MSPs have pledged to work with the oil and gas sector to transition to net zero – treating the climate crisis as a “critical priority”.

During a Holyrood debate on the climate emergency, Tory net zero spokesperson, Liam Kerr, criticised the Greens for a “knee-jerk, cliff-edge" strategy to transitioning the North Sea oil and gas sector away from fossil fuels.

Mr Kerr told MSPs he was “terrified” at the prospect of the Greens sharing any power with the SNP, claiming the party’s plans are “not realistic, not practical”.

He also said that the Greens, who oppose the use of carbon capture and storage in contributing to cutting emissions, would put Scotland’s aim to become a net zero nation by 2045 at risk.

A Labour call for drawing up a Circular Economy Bill as "an urgent priority” and for the climate emergency to be included in the school curriculum was agreed.

SNP Environment Minister Màiri McAllan, confirmed the Scottish Government’s energy strategy will be published next spring.

Net Zero Secretary, Michael Matheson, said “this will be a decisive and defining decade for us all”.

He added: "The journey to net zero will transform every aspect of our lives - how we live, how we work and how we travel.

“I want Scotland to seize the opportunity that becoming a net-zero society presents, growing our economy and enhancing our natural environment.”

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The Scottish Greens are in talks with the SNP about a formal co-operation agreement, which could allow Green MSPs to become ministers in future.

Mr Kerr said: “I am worried about the Greens.

“Actually, like workers, businesses and families across the North East of Scotland, I’m terrified of the consequences of them ever getting near the levers of power with their knee-jerk, cliff-edge intentions.

“Because those workers heard (Scottish Greens co-leader) Lorna Slater saying last year it is her ambition to shut down the oil and gas sector within two to five years.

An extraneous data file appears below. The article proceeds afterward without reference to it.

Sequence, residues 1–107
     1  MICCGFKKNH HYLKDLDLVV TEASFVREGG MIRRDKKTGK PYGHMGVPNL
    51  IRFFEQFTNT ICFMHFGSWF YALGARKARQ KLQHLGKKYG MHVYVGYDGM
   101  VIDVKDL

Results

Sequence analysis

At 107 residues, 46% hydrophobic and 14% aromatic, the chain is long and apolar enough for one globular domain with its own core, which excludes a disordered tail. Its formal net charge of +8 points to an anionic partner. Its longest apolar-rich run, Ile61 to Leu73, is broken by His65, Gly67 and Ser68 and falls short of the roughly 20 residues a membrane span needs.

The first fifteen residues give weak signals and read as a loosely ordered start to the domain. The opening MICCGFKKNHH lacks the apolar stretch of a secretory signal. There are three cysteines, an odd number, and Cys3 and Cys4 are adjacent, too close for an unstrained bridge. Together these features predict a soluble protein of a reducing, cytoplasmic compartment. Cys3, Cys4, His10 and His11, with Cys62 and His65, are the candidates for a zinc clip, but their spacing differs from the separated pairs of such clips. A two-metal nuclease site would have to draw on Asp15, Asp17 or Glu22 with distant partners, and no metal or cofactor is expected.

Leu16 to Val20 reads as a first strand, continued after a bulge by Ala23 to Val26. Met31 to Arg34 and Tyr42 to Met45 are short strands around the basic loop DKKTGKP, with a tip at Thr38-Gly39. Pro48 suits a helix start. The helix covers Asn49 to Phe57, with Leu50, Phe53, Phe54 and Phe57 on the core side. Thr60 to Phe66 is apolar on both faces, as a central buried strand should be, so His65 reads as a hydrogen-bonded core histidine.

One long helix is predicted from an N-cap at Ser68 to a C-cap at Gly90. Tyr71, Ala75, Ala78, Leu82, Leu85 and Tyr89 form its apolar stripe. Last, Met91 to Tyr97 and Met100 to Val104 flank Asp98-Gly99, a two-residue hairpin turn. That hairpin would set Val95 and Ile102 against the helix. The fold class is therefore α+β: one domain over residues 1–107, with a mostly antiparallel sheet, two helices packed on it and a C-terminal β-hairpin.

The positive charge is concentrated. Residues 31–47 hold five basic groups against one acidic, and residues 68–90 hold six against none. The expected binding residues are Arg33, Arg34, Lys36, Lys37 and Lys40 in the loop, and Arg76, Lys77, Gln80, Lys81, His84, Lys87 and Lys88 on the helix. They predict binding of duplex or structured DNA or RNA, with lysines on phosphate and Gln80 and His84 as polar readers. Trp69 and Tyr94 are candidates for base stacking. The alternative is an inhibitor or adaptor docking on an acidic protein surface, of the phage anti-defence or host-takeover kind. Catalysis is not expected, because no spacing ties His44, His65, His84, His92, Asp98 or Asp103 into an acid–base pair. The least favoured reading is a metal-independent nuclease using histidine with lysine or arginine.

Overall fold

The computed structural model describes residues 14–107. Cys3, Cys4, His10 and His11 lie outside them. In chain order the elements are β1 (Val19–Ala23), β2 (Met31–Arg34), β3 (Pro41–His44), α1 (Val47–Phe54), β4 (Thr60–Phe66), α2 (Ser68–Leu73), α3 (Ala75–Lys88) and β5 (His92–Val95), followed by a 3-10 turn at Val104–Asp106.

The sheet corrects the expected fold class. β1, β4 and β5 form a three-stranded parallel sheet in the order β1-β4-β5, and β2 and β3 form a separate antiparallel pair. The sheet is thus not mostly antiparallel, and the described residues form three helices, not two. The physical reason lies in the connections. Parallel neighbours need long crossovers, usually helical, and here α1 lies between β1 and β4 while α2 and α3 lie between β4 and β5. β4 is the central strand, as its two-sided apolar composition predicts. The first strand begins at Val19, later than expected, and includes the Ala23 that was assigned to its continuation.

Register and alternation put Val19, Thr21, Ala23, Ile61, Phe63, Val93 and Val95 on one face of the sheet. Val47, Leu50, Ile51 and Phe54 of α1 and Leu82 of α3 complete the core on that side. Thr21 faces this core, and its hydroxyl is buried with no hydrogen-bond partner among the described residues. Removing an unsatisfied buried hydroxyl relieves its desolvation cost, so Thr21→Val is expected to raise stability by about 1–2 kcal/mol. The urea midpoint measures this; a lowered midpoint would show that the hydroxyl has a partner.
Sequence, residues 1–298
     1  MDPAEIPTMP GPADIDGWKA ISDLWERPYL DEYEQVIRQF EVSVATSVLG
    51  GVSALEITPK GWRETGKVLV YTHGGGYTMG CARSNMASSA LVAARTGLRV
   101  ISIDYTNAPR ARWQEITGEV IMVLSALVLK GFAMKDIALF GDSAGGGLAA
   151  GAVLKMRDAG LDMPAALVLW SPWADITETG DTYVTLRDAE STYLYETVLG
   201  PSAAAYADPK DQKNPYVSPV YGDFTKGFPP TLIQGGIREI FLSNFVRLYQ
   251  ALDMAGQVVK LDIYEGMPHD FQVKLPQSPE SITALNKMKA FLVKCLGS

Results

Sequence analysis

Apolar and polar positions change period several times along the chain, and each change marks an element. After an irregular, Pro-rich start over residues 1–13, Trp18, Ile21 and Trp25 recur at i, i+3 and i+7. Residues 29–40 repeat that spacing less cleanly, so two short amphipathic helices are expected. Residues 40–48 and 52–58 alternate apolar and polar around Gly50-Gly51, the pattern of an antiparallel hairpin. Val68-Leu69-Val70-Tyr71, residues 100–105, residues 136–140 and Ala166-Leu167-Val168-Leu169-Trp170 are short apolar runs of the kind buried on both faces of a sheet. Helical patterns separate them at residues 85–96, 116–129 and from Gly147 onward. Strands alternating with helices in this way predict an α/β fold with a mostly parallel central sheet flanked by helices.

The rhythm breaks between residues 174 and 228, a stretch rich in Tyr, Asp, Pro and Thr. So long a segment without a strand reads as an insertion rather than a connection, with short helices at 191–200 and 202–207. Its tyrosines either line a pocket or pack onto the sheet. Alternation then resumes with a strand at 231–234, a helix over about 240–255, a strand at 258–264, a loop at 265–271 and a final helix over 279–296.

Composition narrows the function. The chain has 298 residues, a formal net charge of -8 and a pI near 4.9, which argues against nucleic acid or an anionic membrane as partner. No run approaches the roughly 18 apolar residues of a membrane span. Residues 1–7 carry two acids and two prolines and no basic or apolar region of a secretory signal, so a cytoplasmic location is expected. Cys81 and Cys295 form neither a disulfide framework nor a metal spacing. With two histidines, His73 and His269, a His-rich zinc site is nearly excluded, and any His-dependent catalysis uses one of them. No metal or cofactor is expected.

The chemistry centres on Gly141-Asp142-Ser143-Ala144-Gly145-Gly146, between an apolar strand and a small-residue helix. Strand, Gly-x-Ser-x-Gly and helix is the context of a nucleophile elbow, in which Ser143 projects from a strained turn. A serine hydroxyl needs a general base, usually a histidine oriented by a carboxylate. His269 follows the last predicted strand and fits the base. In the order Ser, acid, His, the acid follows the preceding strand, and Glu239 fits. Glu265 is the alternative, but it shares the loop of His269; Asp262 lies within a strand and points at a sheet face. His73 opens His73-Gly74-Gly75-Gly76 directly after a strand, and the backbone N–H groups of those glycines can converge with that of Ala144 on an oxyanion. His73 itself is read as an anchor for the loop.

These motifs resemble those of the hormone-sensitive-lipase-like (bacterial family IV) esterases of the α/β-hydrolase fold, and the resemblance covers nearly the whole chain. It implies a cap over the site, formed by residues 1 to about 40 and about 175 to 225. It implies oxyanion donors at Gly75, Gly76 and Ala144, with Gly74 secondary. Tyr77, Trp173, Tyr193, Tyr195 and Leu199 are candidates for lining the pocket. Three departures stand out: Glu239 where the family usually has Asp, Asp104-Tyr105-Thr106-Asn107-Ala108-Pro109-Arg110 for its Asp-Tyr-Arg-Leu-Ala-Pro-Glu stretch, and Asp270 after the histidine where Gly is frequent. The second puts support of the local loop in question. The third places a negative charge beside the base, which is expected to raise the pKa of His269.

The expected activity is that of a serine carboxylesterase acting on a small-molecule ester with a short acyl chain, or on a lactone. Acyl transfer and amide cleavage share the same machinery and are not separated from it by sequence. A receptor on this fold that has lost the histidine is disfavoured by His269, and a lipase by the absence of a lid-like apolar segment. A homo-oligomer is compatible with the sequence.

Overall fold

“Despite oil and gas still supporting 100,000 jobs, providing three-quarters of the UK’s energy needs and meeting 70% of demand last year.”

He said the Greens’ ambition for absolute zero emissions was not realistic, saying carbon capture and storage would be an important step towards net-zero.

Ms Slater said there is broad public support for winding down the North Sea industry, referring to a recent survey on the issue.

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She said: “According to the survey almost two-thirds of Scots support the creation of a concrete plan to wind down the existing extraction of oil and gas in the North Sea.

“So the approach to wind down the industry has wide public support, I’m more than happy to talk about a specific timeline that would make the member happy.”

She said the Scottish Parliament has already committed to supporting people in the industry into green jobs.

Ms Slater also called on the UK Government to rule out new licences for oil and gas exploration.

Mr Matheson’s motion committed to working across parties “to restore nature and become a net-zero nation”.

Scottish Labour’s Monica Lennon said: “In a few months’ time, the eyes of the world will fall in Scotland when we welcome the Cop26 conference to Glasgow.

“This will be a crucial milestone, commencing the decade where Paris Agreement measures take effect and where significant emissions cuts are required to limit global warming to one-and-a-half degrees.

“Scottish Labour would like the Scottish Government to lead by example and we’ll support every endeavour towards that.”

Speaking for the Scottish Liberal Democrats, Alex Cole-Hamilton said transport has been Scotland’s single largest source of greenhouse gas emissions and reducing that “has to be one of the main missions of this Parliament”.

He added: “We don’t have a chance of meeting our climate change targets unless options for transport are truly, rapidly and radically decarbonised.”

READ MORE: Waste incineration soars by 400% under the SNP

Conservative MSP Maurice Golden criticised the SNP’s record on tackling waste, pointing “a catalogue of failures to meet their own targets”.

He called for a “step change in approach” and highlighted that the Scottish Government has still not met its 2013 household waste recycling target.

Mr Golden also pointed to Scotland’s capacity for incineration of waste “skyrocketting”, which he said left Scotland as “the ashtray of Europe”.